The Ghost Feeler by Edith Wharton – Thoughts
Edith Wharton is best known for The House of Mirth, The Age of Innocence, and Ethan Frome, not for ghost stories. However, when I had an opportunity to read a collection of ghost stories by this famous author I jumped at it.
The Ghost-Feeler Stories of Terror and the Supernatural is an anthology of ghost/supernatural stories written by Edith Wharton. The collection includes both chilling and even comedic stories. Her supernatural tales include ghosts, the dead walking, simple murder, psychological tales, and more. In each story I was struck with Wharton’s ability to weave vivid detail and imagery to create an unforgettable scene, such as in this description of a person dying:
At last even these dim sensations spent themselves in the thickening obscurity which enveloped her; a dusk now filled with pale geometric roses, circling softly, interminably before her, now darkened to a uniform blue-blackness, the hue of a summer night without stars. And into this darkness she felt herself sinking, sinking, with the gentle sense of security of one upheld from beneath. Like a tepid tide it rose around her, gliding ever higher and higher, folding in its velvety embrace her relaxed and tired body, now submerging her breast and shoulders, now creeping gradually, with soft inexorableness, over her throat to her chin, to her ears, to her mouth … Ah, now it was too high; the impulse to struggle was renewed; … her mouth was full; … she was choking…. Help!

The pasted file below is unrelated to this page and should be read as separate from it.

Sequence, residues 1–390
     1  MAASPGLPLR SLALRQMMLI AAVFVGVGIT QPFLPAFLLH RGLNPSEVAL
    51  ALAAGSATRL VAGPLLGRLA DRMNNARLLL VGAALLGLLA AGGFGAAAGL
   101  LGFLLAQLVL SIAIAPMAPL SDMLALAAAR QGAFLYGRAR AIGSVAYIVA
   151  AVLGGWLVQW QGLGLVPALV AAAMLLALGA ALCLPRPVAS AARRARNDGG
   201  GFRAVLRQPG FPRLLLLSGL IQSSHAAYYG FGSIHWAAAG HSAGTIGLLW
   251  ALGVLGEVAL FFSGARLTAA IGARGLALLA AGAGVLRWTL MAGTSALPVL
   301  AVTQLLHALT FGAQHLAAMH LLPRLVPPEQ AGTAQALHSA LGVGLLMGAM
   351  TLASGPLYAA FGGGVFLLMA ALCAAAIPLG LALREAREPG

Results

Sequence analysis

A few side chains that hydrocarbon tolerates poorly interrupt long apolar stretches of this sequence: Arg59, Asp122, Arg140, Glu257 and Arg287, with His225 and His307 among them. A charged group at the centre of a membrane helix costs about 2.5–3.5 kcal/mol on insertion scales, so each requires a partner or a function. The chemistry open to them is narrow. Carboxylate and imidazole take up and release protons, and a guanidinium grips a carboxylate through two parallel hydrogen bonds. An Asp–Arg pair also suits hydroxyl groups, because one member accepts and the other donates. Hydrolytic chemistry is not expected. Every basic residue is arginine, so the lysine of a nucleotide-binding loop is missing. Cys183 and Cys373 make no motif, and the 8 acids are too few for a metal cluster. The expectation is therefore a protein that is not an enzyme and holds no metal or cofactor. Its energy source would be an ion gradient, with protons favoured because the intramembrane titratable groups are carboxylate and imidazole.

‘It is all over,’ said the nurse, drawing down the eyelids with official composure.
While reading this collection, I have also been reading The Turn of The Screw by Henry James. One story in particular, The Lady Maid’s Bell, reminded me a lot of Henry James’ writing style. Which according to the introduction of this book is not surprising. Her style is also reminiscent of Edgar Allen Poe.
Overall, this book is a great collection of wonderfully put and vividly written stories. They are not scary in the traditional sense, but are indeed chilling and anyone who has a chance to pick up this collection should. It is like taking a walk through someones life and a journey through the dark recesses of Wharton’s mind.